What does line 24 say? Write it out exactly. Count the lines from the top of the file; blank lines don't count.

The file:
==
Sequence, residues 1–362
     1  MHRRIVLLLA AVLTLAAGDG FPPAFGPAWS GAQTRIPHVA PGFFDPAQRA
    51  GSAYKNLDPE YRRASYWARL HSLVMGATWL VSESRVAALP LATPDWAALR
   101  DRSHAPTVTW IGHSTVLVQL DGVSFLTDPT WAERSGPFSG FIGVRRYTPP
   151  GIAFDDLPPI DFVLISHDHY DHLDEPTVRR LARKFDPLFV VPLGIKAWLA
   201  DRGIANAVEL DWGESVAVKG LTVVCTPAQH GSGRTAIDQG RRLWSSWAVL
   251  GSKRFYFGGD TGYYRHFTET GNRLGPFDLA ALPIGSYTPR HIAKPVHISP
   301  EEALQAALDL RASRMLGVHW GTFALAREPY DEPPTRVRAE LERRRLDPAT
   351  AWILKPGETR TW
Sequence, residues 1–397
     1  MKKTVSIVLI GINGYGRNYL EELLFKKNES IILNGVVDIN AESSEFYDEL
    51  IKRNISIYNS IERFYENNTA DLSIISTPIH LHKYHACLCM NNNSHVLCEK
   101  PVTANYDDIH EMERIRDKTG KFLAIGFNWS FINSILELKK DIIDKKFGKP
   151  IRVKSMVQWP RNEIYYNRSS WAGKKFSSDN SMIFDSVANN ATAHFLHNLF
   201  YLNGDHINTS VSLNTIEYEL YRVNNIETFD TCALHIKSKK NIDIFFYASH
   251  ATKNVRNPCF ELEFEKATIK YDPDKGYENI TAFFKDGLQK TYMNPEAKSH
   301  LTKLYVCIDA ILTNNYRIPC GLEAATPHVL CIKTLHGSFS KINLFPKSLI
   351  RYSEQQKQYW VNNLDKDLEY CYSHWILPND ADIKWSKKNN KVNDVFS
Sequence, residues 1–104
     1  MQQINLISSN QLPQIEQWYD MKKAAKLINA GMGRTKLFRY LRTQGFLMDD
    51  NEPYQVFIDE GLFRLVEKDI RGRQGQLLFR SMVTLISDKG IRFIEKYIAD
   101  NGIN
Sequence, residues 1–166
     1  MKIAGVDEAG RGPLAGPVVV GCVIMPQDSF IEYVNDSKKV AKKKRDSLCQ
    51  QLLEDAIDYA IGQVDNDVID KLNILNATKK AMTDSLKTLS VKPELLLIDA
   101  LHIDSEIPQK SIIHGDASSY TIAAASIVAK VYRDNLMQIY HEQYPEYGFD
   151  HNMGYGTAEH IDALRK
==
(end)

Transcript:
     1  MKIAGVDEAG RGPLAGPVVV GCVIMPQDSF IEYVNDSKKV AKKKRDSLCQ